biography | construction of instruments | noise | sound | composition | sculpture | timeline

catalog 'Urban Rituals, The Sound Artist Christof Schläger'
III. Sound

"European music is based on an artificial construct of tones and scales, it embodies the antithesis of counter pole to the raw, objective sounding of the world." Around the middle of the twentieth century, however, even the raw sound of the world became music-capable material. A significant portion was accounted to the emergence of electronic music, the concept of the musique concrète, the development of noise-generating play techniques on classical instruments, and compositional theories and concepts, including for example John Cage's postulation that all sound regardless of its provenance is music.

The decisive difference between both the tones that escape from highly cultivated instruments and the disharmonious, often unwanted and disturbing everyday noises is their ability to be systematized. The musical tradition formulates tonal systems, in which each tone or each tonal pitch has been designated a precisely defined place with a specific meaning, regardless of the instrument and eventually independent of the concrete sound. In this sense, musical meaning is defined by abstract melodic (horizontal) and harmonious (vertical) relationships of tonal pitches. The parameter of tonal color plays only a subordinate role in occidental music. On the other hand, it dominates the essence of noise, for it is predominantly defined by its sound characteristic. While tonal systems like the twelve-tone tempered scale can be systematically described through their interval relationships, this is impossible with the sound values of noises. In the Traité des objets musicaux published in 1966, the French composer and founder of the musique concrète, Pierre Schaeffer, had tried to classify noises according to their characteristics. But each noise as similar as it may be to others remains a unique phenomenon, an always singular, unique sound occurrence. That is contradictory to the formulation of a musical system and is based on the infinitude and freedom that Christof Schläger claims for his work.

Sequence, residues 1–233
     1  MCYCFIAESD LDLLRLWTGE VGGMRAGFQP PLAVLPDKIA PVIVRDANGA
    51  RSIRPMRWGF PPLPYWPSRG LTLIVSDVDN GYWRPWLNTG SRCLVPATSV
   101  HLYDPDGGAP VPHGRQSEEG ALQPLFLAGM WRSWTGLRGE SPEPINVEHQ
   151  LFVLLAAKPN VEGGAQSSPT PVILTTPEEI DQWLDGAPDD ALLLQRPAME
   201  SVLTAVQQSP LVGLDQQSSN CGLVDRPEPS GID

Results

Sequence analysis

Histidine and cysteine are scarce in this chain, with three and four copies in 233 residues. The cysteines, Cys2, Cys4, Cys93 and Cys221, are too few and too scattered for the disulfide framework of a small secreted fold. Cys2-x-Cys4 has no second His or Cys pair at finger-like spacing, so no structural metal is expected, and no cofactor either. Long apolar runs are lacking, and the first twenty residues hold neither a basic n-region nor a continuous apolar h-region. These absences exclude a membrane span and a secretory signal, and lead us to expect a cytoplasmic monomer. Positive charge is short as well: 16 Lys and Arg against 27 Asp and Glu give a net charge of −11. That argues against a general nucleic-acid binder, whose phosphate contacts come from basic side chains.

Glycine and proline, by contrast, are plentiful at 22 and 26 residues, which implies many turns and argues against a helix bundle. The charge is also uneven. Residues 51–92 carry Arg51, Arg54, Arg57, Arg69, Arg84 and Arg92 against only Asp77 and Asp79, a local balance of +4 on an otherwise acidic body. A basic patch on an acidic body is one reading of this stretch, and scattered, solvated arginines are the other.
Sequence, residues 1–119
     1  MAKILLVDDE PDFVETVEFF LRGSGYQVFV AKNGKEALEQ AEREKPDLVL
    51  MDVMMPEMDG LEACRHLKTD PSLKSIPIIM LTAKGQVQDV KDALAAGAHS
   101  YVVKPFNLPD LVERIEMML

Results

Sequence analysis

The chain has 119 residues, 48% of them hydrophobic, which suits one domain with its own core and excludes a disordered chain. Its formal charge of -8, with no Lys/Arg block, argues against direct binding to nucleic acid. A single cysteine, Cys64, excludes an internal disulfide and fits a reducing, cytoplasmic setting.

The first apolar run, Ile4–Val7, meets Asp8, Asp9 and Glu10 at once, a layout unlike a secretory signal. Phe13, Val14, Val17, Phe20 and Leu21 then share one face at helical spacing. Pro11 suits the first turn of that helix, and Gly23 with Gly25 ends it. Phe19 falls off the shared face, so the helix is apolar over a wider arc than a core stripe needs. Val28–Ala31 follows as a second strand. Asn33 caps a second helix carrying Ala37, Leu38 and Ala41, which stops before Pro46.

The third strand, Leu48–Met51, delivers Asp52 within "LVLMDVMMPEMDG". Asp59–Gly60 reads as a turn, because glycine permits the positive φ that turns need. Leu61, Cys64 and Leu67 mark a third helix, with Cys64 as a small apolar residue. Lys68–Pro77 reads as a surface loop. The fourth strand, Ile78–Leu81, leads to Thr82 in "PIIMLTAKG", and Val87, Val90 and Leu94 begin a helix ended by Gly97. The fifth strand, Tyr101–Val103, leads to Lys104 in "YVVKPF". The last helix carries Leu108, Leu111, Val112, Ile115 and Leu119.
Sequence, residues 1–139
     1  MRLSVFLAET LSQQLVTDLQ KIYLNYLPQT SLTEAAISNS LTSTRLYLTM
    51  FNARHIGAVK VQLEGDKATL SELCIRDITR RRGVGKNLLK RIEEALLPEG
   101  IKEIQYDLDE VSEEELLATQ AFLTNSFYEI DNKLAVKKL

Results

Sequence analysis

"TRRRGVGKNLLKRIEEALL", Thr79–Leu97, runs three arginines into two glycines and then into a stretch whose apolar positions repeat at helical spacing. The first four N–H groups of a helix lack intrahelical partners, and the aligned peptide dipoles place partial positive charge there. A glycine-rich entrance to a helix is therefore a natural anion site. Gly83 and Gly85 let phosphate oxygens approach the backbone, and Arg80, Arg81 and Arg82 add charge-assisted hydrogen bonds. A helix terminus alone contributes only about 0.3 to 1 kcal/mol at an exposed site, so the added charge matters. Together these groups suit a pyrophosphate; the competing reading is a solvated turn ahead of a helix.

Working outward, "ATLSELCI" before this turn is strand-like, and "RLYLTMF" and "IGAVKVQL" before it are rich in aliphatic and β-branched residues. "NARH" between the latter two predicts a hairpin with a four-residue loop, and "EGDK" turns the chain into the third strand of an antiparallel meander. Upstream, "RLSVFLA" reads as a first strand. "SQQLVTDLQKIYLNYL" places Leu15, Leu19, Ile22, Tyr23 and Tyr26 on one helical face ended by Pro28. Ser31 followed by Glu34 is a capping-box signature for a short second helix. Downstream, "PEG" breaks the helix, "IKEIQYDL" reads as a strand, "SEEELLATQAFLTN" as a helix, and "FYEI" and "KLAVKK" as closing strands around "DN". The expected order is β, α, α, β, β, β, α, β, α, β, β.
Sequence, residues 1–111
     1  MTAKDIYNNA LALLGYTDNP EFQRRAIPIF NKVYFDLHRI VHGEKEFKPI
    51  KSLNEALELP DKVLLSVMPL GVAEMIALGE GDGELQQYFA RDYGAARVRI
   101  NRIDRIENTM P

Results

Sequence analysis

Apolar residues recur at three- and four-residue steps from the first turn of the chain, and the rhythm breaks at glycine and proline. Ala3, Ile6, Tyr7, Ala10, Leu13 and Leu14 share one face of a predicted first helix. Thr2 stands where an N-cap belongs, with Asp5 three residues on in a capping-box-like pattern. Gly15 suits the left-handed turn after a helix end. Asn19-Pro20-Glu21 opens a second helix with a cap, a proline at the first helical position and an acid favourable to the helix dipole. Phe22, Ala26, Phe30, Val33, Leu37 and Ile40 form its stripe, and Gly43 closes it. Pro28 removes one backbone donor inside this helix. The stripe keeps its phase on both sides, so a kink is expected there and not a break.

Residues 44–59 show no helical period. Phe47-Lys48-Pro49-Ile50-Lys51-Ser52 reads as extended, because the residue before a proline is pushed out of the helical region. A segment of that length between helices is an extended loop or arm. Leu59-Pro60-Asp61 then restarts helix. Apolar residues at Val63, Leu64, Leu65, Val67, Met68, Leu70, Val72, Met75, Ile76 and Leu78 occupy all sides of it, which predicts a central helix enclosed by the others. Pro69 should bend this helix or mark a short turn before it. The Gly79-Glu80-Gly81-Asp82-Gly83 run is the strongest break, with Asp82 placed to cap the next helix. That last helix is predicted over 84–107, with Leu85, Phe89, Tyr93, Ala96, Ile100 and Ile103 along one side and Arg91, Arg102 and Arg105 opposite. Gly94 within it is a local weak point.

Entwürfe v.l.n.r.: Chromix, Typedrum, Knackdosen, Hopper, Klapperrappel und Sirenen

Contrary to other instrument builders, Schläger is not interested in developing a musical system. The construction of his sound machines and their sound worlds therefore does not follow any system. He follows his intuition. He concentrates on materials and their sound characteristics, he lets the results be a surprise letting them unfold in the concrete artisanal work to a detailed, precisely formulated gestalt.

The artist is inspired by the sounds and noises that he encounters in his living environment. He can recount an experience about each of his individual sound machines whose varied construction is informed by this inspiration and the sound world that is evoked includes metallic sounds, buzzing, whizzing and whistling noises, clicking sounds, rattling and ringing in addition to tonal signals. In the sculpture Schwirrer for example, the noise part is subsumed into the tonal pitch. This sound- and noise characteristic is a result of the technical construction of the sound machines, but does not include any intention on the part of the artist to use these devices to imitate technical noises. Their technical impression establishes rather a symbolic, even allegoric dimension of the sound world, in that it refers to the world in which we live. Above all, it opens up an experiential space that underlines the intrinsic value of these sounds and their beauty. The technical instruments and sounds mutate in Christof Schläger's compositions into creations of fantasy, which allows the emergence of something completely new.

Source: Urban Rituals, The Sound Artist Christof Schläger. Verlag Hanno Ehrler, 2016